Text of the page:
Bald Head Island Conservancy

Notes From the Field: Water Quality Conservation Work

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by Elena Kelly, Conservation Intern

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Conservation interns Katie Barton and Elena Kelly retrieve water quality data from a continuously-deployed YSI EXO2

Bald Head Island is overflowing with water, from the beaches and brackish creeks to the aquifer underneath the island that provides our fresh drinking water. Our conservation team regularly tests the water quality and other metrics concerning the various bodies of water on the island. This work is a combination of field collection and lab analysis. Some samples are processed here in the Conservancy’s labs while others are sent off-island to larger labs on the mainland.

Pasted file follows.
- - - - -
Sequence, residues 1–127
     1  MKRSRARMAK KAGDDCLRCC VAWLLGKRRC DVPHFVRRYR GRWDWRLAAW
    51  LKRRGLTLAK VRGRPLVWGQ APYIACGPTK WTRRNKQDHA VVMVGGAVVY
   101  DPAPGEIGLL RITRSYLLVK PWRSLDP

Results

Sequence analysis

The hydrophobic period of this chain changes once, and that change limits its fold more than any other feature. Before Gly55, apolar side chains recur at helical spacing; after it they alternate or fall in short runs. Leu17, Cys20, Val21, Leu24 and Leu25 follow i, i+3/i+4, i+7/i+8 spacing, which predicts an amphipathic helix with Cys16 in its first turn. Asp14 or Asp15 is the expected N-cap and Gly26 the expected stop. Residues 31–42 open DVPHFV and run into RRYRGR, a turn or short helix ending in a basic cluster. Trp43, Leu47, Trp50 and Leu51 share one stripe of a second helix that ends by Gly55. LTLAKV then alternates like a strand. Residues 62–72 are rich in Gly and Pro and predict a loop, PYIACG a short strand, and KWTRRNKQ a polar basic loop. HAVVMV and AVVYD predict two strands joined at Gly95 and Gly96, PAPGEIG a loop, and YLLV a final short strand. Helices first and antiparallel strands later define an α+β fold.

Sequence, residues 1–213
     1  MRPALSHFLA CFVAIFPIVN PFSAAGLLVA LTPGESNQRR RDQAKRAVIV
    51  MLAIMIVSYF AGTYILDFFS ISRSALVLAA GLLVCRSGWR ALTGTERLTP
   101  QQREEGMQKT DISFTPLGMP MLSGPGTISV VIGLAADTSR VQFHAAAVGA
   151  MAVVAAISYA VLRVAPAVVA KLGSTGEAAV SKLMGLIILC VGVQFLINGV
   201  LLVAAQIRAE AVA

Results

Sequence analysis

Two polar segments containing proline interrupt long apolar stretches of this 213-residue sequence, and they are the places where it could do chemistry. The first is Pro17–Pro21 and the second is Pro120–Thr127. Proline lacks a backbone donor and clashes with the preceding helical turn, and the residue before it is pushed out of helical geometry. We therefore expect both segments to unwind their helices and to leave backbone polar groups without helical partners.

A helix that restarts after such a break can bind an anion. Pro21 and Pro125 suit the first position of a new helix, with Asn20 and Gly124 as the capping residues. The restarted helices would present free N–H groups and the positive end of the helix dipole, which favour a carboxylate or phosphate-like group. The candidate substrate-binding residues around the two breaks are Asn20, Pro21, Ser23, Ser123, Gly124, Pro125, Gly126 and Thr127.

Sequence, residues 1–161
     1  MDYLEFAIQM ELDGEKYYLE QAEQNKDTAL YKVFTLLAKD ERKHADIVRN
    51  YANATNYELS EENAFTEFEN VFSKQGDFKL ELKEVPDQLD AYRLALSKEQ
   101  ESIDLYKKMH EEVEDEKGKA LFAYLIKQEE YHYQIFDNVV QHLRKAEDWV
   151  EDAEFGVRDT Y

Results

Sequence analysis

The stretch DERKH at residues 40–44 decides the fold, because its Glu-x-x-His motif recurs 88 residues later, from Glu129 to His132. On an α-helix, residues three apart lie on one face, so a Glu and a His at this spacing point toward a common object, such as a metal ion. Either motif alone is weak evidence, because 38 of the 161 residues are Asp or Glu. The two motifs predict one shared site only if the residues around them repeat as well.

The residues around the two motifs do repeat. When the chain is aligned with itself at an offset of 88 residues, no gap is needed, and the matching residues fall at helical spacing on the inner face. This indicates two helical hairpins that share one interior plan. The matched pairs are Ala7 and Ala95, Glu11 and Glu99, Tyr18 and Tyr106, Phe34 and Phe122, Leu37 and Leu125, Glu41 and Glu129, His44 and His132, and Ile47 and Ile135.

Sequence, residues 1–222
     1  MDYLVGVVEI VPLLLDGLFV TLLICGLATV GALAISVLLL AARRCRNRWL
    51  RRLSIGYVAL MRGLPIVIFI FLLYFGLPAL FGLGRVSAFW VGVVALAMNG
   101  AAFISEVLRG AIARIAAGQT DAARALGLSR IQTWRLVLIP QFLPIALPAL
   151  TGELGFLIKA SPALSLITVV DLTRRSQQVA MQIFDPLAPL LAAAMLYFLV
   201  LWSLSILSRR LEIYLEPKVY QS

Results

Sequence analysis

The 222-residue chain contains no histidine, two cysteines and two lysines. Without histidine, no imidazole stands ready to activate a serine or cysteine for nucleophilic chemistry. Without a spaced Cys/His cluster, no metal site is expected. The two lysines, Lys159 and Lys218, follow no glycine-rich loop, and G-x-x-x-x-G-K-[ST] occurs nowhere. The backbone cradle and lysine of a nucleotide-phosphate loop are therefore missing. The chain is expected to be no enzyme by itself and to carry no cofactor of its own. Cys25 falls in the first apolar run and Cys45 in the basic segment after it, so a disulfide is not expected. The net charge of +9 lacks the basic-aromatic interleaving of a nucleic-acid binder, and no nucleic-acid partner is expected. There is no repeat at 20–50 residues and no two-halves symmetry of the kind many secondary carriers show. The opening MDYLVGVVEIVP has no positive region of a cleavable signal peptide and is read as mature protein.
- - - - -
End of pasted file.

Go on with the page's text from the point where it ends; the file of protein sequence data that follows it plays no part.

Why water quality monitoring is important

We monitor the quality of our waterways so that we can make well-informed and scientifically-sound decisions about the management and health of this resource. Water quality monitoring is especially important on BHI due to the delicate environmental conditions of the barrier island ecosystem and the heavy human use of the limited reserve of freshwater on the island. Much of BHIC’s water quality work is through our Environmental Services Contract with the Village of Bald Head Island or as a part of governmental programs.